Let me tell you a little story about the Japanese flag that will surely ignite your desire to learn Japanese!
Picture this: a vibrant red circle perfectly centered on a clean white background. It’s like a fiery sun rising over a snowy mountain, symbolizing the beauty and harmony of the country. Yes, I’m talking about the national flag of Japan!
Hold on to your hats because we’re about to discover that Japan is more than just a one-trick pony with its national flag. There are not one or two, but three mighty flags that proudly wave in the wind, symbolizing their respective nation, the imperial family, and the honorable military.
The Revolution Of Japanese Flags
Brace yourself, my friend, for I am about to reveal a world of fascinating information that will leave you hungry for more! Keep those eyes glued to the screen because what’s about to unfold will blow your mind!
Let’s take a journey to explore the fascinating evolution and symbolism behind Japan’s different flags. We’ll journey through time, exploring the cultural changes and historical events that shaped these symbols. It’s a great way to understand better and appreciate Japan’s rich heritage and identity.
Let’s unravel these unique tales together!
Official National Flag
Imagine you’re watching the Olympic Games, and the winner of the gold medal is from Japan. You’ll see the Japanese national flag waving proudly and hear the Japanese national anthem playing in the background. It’s got that pure white background with the red disc in the center.
Oh, yeah! That’s the Japanese flag.
What Is The Red Dot On The Japanese Flag?
Did you know that there is a place called “the land of the rising sun?” For many years, it has served as a symbol of Japan. So, the red dot is the sun, of course.
The Japanese Emperor Meiji and his family had their own flags made beginning in 1870. The current Emperor’s flag has a golden chrysanthemum with 16 petals. Since the reign of Emperor Go-Toba in the 12th century, the chrysanthemum has been a symbol of the Imperial throne. However, it wasn’t until 1868 that it became the exclusive sign of the Imperial throne.
I’m sure you’ve seen those Japanese historical movies, especially the ones about World War II. Do you know that famous symbol with the red sun disc and 16 red rays on a white background? Yes, it’s the Rising Sun flag. The one that represents Japan’s militarism.
Pre-World War II Military Flags
Back in the day, Japan’s military, like the Imperial Japanese Army and Navy, used the Rising Sun flag. It represents a war flag and was used until the end of World War II in 1945. Pretty interesting, right?
The Rising Sun Flag Used From 1868 To 1945
Interestingly, the Imperial Japanese Army flag was introduced as a war flag on 15 May 1870, yet the Japanese naval flag was presented later, in 1889.
It has a slightly different design compared to the army version. So, in the version for the Imperial Japanese Navy, they placed the red disc slightly to the left. But they put the red disc in the center for the Imperial Japanese Army version.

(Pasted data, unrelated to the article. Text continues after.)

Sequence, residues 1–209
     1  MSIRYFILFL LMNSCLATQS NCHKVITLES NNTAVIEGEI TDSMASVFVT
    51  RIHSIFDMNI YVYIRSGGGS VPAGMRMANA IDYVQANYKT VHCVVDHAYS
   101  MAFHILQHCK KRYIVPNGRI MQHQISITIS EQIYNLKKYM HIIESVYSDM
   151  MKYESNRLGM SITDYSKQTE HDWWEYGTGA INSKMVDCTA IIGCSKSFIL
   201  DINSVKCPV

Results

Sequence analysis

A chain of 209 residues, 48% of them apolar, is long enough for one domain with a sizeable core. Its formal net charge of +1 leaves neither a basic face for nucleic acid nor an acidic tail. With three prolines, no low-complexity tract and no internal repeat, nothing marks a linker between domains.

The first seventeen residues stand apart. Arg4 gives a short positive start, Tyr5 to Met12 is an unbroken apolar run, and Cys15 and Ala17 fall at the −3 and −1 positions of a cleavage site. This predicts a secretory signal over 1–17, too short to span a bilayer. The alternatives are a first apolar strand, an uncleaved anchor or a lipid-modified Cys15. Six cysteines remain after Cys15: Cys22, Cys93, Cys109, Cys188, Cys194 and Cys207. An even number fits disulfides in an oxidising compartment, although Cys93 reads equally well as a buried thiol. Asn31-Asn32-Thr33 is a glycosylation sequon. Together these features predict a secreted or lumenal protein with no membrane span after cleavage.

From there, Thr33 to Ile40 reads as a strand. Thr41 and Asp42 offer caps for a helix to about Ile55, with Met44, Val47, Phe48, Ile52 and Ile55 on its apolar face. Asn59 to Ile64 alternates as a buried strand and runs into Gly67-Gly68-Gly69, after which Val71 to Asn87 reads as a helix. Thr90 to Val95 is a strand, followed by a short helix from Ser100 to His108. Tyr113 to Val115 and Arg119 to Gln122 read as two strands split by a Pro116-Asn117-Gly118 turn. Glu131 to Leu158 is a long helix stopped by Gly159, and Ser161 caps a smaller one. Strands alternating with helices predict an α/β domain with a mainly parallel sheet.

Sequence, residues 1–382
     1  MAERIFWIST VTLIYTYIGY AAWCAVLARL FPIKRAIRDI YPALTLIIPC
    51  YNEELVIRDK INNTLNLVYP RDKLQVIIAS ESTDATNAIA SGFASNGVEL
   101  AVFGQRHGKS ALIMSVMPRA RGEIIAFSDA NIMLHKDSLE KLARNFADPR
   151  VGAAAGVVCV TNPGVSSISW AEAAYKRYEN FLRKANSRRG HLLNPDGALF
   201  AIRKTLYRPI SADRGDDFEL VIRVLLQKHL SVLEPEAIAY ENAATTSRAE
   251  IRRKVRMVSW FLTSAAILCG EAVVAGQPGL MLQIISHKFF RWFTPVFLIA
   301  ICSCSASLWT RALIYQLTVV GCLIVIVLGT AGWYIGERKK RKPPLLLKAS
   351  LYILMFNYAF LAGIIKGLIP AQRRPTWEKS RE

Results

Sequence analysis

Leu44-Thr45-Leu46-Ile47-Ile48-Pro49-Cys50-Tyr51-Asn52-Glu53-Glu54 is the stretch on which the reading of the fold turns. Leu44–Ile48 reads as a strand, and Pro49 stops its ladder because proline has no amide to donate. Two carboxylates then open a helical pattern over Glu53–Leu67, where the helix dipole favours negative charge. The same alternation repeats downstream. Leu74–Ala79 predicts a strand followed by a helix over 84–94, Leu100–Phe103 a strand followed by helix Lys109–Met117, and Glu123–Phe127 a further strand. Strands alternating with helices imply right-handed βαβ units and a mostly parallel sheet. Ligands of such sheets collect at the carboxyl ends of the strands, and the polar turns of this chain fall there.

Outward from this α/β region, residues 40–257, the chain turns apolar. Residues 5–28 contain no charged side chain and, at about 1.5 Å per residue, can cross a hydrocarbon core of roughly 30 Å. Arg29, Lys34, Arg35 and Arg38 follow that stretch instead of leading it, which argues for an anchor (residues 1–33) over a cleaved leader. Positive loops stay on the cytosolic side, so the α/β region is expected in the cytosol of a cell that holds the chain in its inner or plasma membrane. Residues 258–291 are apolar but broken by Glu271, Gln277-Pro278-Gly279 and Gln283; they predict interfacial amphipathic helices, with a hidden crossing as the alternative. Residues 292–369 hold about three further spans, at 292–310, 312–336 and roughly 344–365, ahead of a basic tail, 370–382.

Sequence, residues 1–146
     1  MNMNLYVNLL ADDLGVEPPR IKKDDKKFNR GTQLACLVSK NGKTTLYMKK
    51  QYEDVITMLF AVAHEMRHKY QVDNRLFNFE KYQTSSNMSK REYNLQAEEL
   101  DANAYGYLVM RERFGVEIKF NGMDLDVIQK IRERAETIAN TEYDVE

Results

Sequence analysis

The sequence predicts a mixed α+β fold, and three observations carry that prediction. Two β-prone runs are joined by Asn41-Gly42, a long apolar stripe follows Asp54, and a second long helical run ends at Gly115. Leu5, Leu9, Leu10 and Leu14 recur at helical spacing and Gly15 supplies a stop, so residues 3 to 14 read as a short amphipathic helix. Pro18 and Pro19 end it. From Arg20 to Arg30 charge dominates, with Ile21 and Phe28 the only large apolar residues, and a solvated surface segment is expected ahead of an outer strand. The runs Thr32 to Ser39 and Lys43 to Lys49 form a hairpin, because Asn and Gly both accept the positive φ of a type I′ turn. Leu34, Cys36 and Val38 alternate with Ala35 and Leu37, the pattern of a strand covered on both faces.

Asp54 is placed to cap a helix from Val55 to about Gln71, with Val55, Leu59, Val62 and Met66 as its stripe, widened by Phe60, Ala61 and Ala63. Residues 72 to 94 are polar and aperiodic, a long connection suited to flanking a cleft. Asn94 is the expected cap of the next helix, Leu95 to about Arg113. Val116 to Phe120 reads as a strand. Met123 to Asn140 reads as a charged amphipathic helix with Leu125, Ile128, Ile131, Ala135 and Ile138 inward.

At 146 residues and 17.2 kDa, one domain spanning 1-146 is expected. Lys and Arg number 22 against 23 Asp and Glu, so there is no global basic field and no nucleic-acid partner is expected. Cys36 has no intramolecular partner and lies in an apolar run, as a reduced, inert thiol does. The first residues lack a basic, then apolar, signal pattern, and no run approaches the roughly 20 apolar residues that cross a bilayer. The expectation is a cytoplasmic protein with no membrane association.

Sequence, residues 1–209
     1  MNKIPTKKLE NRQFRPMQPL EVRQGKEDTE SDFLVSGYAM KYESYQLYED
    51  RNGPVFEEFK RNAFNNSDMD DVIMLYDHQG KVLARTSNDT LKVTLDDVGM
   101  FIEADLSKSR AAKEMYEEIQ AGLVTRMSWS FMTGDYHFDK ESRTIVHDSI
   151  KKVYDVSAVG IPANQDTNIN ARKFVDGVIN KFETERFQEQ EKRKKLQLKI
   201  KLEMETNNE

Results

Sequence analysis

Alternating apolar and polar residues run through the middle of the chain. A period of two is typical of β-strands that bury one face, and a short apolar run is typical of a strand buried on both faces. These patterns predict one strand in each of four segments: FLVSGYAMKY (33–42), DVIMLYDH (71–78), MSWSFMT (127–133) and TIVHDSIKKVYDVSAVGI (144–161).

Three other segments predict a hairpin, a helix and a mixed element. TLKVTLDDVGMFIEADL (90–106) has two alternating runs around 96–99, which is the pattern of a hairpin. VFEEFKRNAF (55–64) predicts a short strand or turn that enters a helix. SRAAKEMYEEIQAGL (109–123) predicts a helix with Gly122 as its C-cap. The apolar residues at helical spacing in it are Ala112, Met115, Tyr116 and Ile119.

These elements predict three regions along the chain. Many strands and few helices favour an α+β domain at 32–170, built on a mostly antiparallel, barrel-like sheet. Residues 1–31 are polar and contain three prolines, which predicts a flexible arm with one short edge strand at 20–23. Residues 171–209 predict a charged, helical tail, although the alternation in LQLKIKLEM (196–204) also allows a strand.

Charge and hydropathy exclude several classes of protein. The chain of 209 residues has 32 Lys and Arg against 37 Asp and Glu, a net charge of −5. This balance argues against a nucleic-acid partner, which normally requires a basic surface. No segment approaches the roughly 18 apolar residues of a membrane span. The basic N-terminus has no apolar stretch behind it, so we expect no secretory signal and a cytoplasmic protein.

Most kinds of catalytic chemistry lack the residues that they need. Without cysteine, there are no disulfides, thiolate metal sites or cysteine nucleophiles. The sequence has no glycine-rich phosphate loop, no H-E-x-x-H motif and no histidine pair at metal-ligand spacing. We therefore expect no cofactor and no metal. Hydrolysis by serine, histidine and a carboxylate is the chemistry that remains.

Post-World War II Military Flags (1954 – Present)
After World War II ended, Japan formed the Japan Self-Defense Forces in 1954. Here, they made the new introductions on their flags. Let’s check them out!
The Rising Sun Flag Used For The Japan Ground Self-Defence Force
From 1954 until the present, the flag with a centered red disc, eight red rays spreading outward, and a gold border partly around the edge has been used by the Japan Self-Defense Forces and the Japan Ground Self-Defense Force.
The Rising Sun Flag Used For The Japan Maritime Self-Defence Force
The flag used for the Imperial Japanese Navy, which had been gone following the end of the Second World War, returned to use on 30 June 1954, particularly for the Japan Maritime Self-Defence Force. However, the red disc is more vibrant and saturated in the version introduced after World War II.
Is The Rising Sun Flag Illegal?
Did you know that the Rising Sun flag is seen as having a stigmatizing meaning in China and Korea?
So, these ex-colonies say that this flag represents Japanese aggression during WWII. Something similar occurred when Japanese fans at the Tokyo 2020 Olympics cheered and waved the Rising Sun flag. The South Korean government has been outspoken in its criticism, and some officials have even compared it to the Nazi swastika.
Japan has not taken action despite mounting criticism from former colonial countries like South Korea. Japan’s foreign ministry explained the flag’s history from a broader perspective, not just focusing on Japan’s role in WWII.
Even while it’s not illegal to fly the flag, doing so in South Korea or China raises serious eyebrows due to the flag’s historical associations with Japanese militarism and imperialism.
Useful Vocabulary About Flag
Alright, Japanese learners! Let’s dive headfirst into the fascinating realm of Japanese words! Are you ready? Let’s do this!
|Rising Sun Flag||旭日旗||Kyokujitsuki|
|Flag of the sun||日章旗||Nisshōki|
|Ball of the sun||日の丸||Hinomaru|
|Imperial chrysanthemum crest, imperial seal of Japan||菊花紋章||Kikuka monshou|
Flags in Japan have profound symbolic meaning. These magnificent pieces of fabric are not just mere symbols. They’re like time machines transporting us to different eras of Japan’s rich history and vibrant culture. It’s like diving into a treasure trove of knowledge for all Japanese language learners out there!
Now, imagine yourself standing in the heart of Tokyo, surrounded by the bustling cityscape, as you proudly communicate with locals in their native language. Why on earth would you want to wait when you could be seizing the day, living life to the fullest, and embarking on the Japanese language?
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